On Friday, mining activity and power generation at Neyveli Lignite Corporation slowly returned to normal. The attendance too was normal, sources said.
Total normalcy was expected to be restored by Friday evening as it would take another 10 hours for generation to reach its full capacity of 2490 MW, NLC sources said.
About 20,000 employees of the Neyveli Lignite Corporation, who were on strike since Tuesday, called off their protest on Thursday night and reported for duty.
The workers, who went on indefinite strike protesting the Centre's decision to divest 10 per cent equity in NLC, withdrew the stir following Prime Minister Manmohan Singh's decision to put on hold the disinvestment of NLC and other public sector units.
Power generation and lignite mining, which were paralysed because of the strike, commenced at 9.30 pm on Thursday.
NLC is the major power supplier to the southern grid comprising Tamil Nadu, Kerala, Karnataka, Andhra Pradesh and the Union Territory of Pondicherry.
Many rural areas in Tamil Nadu were enveloped in darkness as power was not flowing from Neyveli.
"The NLC suffered a loss of about Rs 20 crore (Rs 200 million) because of the strike," the PSU's Chief General Manager P Babu Rao told PTI.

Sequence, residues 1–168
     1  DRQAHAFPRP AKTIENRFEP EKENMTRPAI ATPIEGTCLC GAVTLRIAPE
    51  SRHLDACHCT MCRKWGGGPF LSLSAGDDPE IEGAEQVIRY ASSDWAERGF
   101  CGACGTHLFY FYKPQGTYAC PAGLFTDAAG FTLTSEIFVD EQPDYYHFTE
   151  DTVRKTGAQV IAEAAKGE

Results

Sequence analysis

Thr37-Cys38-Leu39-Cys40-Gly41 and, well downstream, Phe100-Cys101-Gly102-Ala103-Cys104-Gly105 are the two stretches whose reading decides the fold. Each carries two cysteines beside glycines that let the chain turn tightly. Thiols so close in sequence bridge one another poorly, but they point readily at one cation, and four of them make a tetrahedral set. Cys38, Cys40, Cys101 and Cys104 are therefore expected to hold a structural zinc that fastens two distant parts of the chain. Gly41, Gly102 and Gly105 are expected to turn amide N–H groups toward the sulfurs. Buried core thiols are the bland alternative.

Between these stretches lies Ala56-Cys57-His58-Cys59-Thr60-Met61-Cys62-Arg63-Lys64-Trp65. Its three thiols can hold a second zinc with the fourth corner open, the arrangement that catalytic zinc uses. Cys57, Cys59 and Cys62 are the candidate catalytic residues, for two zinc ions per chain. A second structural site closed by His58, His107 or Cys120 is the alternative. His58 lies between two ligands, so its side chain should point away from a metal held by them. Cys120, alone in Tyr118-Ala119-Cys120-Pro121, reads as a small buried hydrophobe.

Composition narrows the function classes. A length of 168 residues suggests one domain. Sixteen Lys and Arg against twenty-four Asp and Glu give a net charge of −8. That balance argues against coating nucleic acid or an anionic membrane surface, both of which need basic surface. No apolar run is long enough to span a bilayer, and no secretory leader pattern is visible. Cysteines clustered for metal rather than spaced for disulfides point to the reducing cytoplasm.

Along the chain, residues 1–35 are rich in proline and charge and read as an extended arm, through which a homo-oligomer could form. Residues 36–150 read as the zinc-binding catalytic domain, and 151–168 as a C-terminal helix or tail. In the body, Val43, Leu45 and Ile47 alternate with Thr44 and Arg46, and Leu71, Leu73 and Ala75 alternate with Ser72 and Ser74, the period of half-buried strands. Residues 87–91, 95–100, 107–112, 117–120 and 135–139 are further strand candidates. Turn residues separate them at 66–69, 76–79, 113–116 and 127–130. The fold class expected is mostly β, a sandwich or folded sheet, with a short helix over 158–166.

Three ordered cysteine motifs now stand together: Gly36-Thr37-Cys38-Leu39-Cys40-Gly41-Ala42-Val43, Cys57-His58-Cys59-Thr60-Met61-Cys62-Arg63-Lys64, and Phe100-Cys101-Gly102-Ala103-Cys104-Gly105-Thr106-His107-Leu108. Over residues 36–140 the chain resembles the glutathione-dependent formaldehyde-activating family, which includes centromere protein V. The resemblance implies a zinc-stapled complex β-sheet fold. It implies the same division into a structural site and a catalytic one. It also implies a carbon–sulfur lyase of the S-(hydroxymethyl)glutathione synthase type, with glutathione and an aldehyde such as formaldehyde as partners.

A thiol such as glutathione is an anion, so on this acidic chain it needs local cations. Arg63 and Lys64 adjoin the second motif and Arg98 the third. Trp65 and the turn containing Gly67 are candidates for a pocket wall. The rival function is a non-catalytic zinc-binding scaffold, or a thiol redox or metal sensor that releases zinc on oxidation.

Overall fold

The decision of withrawal of strike was announced by S Raja Vanian, general secretary of NLC DMK Trade Union, at a public meeting in Neyveli. All political parties in Tamil Nadu had voiced their protests against the Centre's move to divest stakes in one of the biggest PSUs in the state.
On Thursday, Dravida Munnetra Kazhagam threatened to pull out of the United Progressive Alliance government at the Centre on the issue following which the prime minister decided to put on hold disinvestment of NLC as well as other PSUs.
On Thursday, Tamil Nadu Chief Minister and DMK chief M Karunanidhi spoke to Congress President Sonia Gandhi and requested her to prevail upon the government to revoke the disinvestment decision.
Do you want to discuss stock tips? Do you know a hot one? Join the